Writing and giving a presentation to a group of people is something most of us will have done or have to do at some point in our careers. Unless you're very comfortable with public speaking, the idea of standing up in front of people to give your presentation can easily make you weak at the knees.
Matt Abrahams is a lecturer at Stanford as well as an expert public speaker, and he wrote an article on the Stanford Graduate School of Business website that can help you take some of the fear out of presentations by being better prepared. It's full of information and suggestions you can really use to feel more confident about your presentation and make sure your audience will get the most out of it.
Abrahams highlights that there are three elements that are most important when planning and delivering your presentation:
Audiences need help to remember your content. Unfortunately, the norm for audiences is to “sit back and take it.” This results in unengaged audiences who are often left to find meaning in the presenter’s message. With careful crafting, you can include three concepts in your presentation that will facilitate your audience’s remembering what you say and your call to action: (1) variation, (2) relevance, and (3) emotion.
He goes on to explain in great detail what each of these three concepts means and how you can ensure you get each right. In the section on variation, he explains that there's a lot you can do to make sure your accompanying slides aren't boring or overly complicated:
To address the issue of slides that are “eye charts” full of details in small fonts, challenge yourself to think visually. Is there an image that could represent your point in a more meaningful way? Could you create a diagram or flow chart to help get your point across to your audience? A useful tool to get your creative visual juices flowing is Google Images. Type in the concept you are trying to convey and see what comes up in the search results. The images you find might have copyright issues, so I don’t recommend using everything you find, but you’ll get an idea of the type of visual variety that is possible.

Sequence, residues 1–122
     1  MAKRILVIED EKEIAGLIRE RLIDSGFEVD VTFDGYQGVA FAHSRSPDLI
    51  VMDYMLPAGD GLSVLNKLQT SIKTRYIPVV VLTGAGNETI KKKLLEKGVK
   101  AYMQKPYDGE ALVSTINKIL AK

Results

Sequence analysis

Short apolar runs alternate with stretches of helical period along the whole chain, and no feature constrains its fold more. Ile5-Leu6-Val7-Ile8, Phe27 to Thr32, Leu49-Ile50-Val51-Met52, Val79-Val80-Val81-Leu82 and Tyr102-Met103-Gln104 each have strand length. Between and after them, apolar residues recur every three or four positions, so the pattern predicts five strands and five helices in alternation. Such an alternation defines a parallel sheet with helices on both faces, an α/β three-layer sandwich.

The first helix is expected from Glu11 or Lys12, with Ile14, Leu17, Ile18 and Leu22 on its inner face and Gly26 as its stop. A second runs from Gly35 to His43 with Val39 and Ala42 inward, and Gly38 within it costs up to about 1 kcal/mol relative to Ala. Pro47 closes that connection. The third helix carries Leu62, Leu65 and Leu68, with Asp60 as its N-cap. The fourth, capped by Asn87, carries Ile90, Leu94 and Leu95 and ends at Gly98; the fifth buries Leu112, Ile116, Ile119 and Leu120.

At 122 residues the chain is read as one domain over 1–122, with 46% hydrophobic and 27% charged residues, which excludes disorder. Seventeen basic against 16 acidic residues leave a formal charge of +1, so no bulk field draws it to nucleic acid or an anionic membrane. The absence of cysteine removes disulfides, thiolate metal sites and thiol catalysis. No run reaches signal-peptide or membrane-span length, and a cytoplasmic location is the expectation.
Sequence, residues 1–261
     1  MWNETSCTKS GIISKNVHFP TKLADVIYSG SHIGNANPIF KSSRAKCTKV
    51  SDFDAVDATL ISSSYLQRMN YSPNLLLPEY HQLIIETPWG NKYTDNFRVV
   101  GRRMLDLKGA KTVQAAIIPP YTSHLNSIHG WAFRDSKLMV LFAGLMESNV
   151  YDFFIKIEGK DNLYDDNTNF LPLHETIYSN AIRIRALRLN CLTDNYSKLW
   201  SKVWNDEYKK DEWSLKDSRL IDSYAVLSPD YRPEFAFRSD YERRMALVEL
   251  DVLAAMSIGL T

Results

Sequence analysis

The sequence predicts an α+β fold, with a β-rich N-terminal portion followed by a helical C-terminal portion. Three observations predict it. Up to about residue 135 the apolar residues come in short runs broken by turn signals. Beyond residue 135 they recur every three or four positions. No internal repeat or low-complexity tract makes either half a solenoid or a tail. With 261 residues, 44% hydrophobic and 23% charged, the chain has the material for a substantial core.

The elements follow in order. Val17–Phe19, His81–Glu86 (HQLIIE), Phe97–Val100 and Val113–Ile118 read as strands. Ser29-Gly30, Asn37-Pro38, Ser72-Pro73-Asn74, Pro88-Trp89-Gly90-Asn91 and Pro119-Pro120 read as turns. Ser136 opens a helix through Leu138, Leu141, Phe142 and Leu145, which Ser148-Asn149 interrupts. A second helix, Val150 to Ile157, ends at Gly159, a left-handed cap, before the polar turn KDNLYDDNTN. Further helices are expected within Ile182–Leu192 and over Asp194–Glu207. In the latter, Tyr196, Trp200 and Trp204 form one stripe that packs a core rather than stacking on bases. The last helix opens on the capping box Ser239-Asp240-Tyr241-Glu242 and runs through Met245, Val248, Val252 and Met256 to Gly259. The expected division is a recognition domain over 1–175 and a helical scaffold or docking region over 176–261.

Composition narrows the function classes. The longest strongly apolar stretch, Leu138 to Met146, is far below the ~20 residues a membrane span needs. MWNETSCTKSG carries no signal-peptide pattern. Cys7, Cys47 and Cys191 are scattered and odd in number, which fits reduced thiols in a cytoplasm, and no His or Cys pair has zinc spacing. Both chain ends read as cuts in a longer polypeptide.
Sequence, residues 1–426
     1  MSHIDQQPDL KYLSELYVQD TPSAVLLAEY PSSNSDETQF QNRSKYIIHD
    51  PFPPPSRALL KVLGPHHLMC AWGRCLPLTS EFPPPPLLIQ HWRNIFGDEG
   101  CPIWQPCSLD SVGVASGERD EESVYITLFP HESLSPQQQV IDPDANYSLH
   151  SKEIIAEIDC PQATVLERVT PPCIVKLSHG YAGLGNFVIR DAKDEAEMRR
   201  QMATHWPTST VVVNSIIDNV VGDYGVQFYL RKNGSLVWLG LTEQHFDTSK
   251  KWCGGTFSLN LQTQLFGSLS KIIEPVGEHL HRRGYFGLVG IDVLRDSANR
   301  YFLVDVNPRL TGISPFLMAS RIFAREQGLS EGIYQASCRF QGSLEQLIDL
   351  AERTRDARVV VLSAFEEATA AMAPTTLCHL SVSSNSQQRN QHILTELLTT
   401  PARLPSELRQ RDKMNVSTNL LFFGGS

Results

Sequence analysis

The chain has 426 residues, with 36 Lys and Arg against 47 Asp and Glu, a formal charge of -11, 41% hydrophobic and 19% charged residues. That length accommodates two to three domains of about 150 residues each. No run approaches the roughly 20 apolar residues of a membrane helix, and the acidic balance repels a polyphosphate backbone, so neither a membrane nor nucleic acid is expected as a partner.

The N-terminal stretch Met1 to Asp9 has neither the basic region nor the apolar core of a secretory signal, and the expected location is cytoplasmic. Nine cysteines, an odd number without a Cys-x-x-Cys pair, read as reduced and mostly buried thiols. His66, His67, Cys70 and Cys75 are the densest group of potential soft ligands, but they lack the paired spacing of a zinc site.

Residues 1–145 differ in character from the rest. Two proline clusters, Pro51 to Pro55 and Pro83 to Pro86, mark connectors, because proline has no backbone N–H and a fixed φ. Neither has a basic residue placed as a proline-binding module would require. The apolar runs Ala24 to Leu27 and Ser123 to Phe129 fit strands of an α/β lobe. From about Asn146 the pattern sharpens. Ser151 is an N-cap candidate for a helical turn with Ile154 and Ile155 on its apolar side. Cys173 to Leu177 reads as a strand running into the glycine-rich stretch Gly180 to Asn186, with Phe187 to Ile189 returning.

Head over to the Stanford GSB website to see the rest of the post and get help with making your presentations as interesting as possible. Abrahams' post on making unforgettable presentations is the third in a series about presentations so if you need help remembering your presentations or know what to do if you do forget parts during your speech, you can click on the links to see his other two articles.
Have you given a lot of presentations in your career? Do you have any special tips or tricks you use to make sure they go well? We'd love to hear about your experiences so share your thoughts in the comments below. You can also say hi by email or on Twitter.
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